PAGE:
Everyone I know is making predictions for 2005. I figured I might as well do the same. Here goes (read the full post if you want the whole story):
1. Mobile payments become big
2. Home networking stands still
3. Web 2.0 becomes a dirty word
4. Open source is the only big story in enterprise software
5. People figure out blogging
Something interesting in the world of mobile payments will happen in the United States. I am not sure whether the service will come from an existing player like PayPal or from a start-up of some sort, but I predict this will be the year that something interesting involving mobile devices and payments will make an impact this year. Aside from entertainment and messaging, there aren’t a lot of proven models for how to make money in the non-voice mobile world. Instead of trying to blaze new trails, people will start looking at where the money already is and find ways to make it more accessible in the context of mobility.
People will realize that home networking, in the context of digital entertainment, is a lot harder than originally imagined and very little progress will be made in this field. Aside from vendor-specific solutions (iPod + Airport Express, Tivo + Home Media Option, etc.), there will be no meaningful progress made in allowing consumers to connect the variety of devices that they use for entertainment purposes within the home. PC manufacturers will keep pushing media center PCs that people don’t seem to really want (albeit at more reasonable prices) and consumers will find the lack of cross vendor products to be a big impediment. Any lingering doubts as to whether 802.11 is up to the task will be squashed – vendors will find a way to make it work.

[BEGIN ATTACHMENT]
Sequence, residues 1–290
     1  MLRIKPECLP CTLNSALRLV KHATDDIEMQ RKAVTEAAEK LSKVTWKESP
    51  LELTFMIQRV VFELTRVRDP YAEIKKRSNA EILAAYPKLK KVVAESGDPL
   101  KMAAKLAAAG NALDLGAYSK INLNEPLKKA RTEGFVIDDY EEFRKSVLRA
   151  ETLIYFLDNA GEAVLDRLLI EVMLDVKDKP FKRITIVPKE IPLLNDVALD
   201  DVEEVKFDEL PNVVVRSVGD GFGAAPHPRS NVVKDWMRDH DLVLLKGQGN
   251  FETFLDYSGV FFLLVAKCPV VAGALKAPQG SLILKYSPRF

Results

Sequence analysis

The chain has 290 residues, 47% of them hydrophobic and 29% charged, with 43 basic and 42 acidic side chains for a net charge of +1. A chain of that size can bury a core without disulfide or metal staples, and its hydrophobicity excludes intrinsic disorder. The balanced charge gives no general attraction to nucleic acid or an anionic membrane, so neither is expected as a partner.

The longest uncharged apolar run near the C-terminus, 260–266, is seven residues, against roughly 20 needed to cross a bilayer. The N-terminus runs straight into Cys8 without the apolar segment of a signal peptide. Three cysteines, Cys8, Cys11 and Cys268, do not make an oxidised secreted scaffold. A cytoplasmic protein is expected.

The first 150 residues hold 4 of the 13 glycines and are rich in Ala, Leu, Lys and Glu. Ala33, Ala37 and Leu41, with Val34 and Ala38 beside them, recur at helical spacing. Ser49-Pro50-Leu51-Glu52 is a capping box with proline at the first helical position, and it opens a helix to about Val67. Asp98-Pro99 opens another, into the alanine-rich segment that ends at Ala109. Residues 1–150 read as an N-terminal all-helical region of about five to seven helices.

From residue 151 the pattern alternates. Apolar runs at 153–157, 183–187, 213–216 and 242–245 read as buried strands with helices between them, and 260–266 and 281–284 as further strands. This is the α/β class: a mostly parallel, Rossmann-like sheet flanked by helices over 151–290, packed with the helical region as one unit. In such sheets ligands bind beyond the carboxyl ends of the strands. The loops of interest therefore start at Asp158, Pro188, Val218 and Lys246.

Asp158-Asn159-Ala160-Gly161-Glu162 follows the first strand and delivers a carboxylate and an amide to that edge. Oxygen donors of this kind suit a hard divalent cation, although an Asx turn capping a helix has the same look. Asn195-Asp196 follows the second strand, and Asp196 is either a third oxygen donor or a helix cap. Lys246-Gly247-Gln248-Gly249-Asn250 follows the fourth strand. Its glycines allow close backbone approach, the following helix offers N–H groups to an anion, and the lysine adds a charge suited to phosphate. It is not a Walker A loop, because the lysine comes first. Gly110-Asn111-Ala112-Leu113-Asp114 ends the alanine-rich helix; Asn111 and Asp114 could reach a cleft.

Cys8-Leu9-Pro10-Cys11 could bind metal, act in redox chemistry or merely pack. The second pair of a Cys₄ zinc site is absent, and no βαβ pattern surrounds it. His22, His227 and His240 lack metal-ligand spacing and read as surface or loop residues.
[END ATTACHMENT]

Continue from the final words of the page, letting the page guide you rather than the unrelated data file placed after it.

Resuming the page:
Web 2.0 will become a very polluted term as new companies with questionable business models try to piggyback off the success of early entrants in this space. Whether you want to call it Web 2.0, the read/write web, or whatever, 2005 will see a lot of interesting activity in this space. A lot of that activity will likely involve the acquisition or combination of the pioneers in this space. Consequently, there will be lots of companies out there marketing themselves as Web 2.0 companies regardless of whether it is an accurate moniker. As a result, someone will start writing articles about how it’s the new dotcom bubble.
Aside from open source, there will be very little interesting happening in the world of enterprise software. Security, automation, virtualization, and a handful of other markets will continue to show respectable growth. That being said, there will be no new blockbuster category of software introduced, overall spending on core applications will remain fairly subdued, and startups targeting small backoffice niches will thrive. The only interesting story will be the continued encroachment of open source software on the profitable franchises that application vendors (as opposed to infrastructure vendors) have developed.
The question of whether there is money to be made by blogging will become very uninteresting. Last year was the year that Big Media became fascinated with the power of blogs. People still wonder aloud whether there is any money to be made in blogging. Audience measurement tools will get better, emerging blog brands will become more powerful, infrastructure/tools providers will make good money by serving the growing blogging community, and more advertisers will experiment with blogs as an ad medium. Not every blog on the web exists to generate revenue for its owner nor does it need to for others in the ecosystem to make money.
Comments? You can always email me at blog @ charleshudson.net